Improving Workflow in Free-Standing Imaging Centers

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There are many levels of workflow in free-standing imaging centers - all focused on maximizing time for patients and referring physicians. They all share the Holy Grail of perfecting efficiency to ensure monetary success. And proactive campaigns that constantly examine and perfect every step of the workflow - from the time the appointment is scheduled to the time the report reaches the referring physician - are the best way to secure success.

Imaging equipment is a huge capital expenditure for any healthcare provider, whether it's a large medical center, mid-sized hospital or free-standing imaging center. For the latter, the only imaging assets that make sense are those that enable the center to maximize patient volume and streamline operations and workflow. At the same time, managing this volume requires a level of operations and workflow that runs at optimal speed - timely scheduling of exams, quick patient throughput and fast report turnaround time.

"There are really three [components] to workflow," says Shane Forman, president of 3d Health Inc. in Chicago, a business advisory company to radiology groups, imaging centers, hospitals, and multi-specialty group practices. "First, there is workflow within the center, which is the efficiency of moving patients through. Second, there is customer service-related workflow, and that is workflow surrounding the patient experience and making sure that you maximize that patient experience. Finally, there is a whole separate workflow that is about maximizing the referring physician experience."

In terms of in-house workflow, Forman explains that there needs to be an understanding of how much time each exam takes as to not create a backlog. This will directly impact how long patients wait from the time they enter the building to the time the exam is actually performed by the technologist. In terms of increasing patient experience, "this really starts when the patient calls to book the appointment," poses Foreman. "Everything that the center does should revolve around the patient experience, such as appointments, parking and the check-in process. We are starting to see some centers begin to offer patients multiple ways to fill out paperwork, such as online, fax or email [forms]."

The final component to Foreman's model is maximizing referring patient workflow. "To compete in most markets, you need to offer same day/next day scheduling and two-hour stat reads for referring physicians and results within 24-hours."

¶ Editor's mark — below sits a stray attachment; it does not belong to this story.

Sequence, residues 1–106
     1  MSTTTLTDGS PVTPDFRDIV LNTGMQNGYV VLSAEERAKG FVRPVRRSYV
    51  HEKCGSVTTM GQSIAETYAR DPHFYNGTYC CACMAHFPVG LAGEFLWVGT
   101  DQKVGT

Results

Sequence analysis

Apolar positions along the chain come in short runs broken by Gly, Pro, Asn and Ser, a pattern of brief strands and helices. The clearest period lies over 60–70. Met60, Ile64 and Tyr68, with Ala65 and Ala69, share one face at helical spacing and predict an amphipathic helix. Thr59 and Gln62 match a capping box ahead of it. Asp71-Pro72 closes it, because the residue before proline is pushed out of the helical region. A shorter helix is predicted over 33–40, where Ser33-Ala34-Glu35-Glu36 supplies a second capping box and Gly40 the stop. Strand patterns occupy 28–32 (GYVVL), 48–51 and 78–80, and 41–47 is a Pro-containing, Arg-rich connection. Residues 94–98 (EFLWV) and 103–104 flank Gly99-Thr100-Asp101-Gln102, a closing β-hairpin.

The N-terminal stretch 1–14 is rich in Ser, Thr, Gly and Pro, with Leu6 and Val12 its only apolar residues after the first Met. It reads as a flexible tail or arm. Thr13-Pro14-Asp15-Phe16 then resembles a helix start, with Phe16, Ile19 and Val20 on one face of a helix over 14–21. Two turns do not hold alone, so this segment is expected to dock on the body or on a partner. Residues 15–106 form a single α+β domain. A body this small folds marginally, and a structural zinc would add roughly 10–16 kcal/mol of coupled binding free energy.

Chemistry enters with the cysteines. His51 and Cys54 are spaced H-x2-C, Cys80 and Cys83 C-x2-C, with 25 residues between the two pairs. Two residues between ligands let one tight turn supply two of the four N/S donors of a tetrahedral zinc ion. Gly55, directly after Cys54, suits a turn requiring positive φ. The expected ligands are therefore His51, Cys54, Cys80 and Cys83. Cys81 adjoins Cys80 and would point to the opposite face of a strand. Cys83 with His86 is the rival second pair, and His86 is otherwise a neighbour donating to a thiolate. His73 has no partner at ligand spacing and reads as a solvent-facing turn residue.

According to Dave Frazee, president of Frazee Nuclear in Cleveland, Ohio, a nuclear medicine/PET consulting group that conducts productivity operations reviews, if there is a backlog and the physician cannot schedule an appointment, he or she will stop using the facility. Expectations are usually met if the facility can get a patient scheduled within five to seven days. "After the referring physician calls a number of times and it's always a two-week backlog, that physician will stop calling your facility and send patients else where," challenges Frazee. "And it's often the case that the facility does not know about the problem because they don't have good communication with the referring physician."

Improving the backlog requires looking at a couple years worth of data. "We look for problems in scheduling that may only be seasonal or chronic," poses Frazee. "If it is chronic, then why? Sometimes it may be a staff shortage or they need to add another piece of equipment to facilitate or reduce the backlog of wait time for scheduling." Frazee also recommends sending out surveys to both the referring physicians and their office staff to learn more about the severity of the backlog.


Staff and physicians in imaging centers must work together and hit all the right notes to ensure referring physicians get the report with the diagnosis. Digital dictation, voice recognition systems, data and image management systems and information systems all help to improve workflow and consolidate volume. Implementing newer technologies requires strategic planning and team involvement to develop training programs, set goals and realize exactly how the new equipment will impact every facet of the facility.

"You will obtain 30 to 40 percent efficiency in terms of personnel with picture archiving and communications systems and radiology information systems," says Jeff Landman, MD, partner of New Light Imaging, the management company for Cools Spring Imaging in Franklin, Tenn.,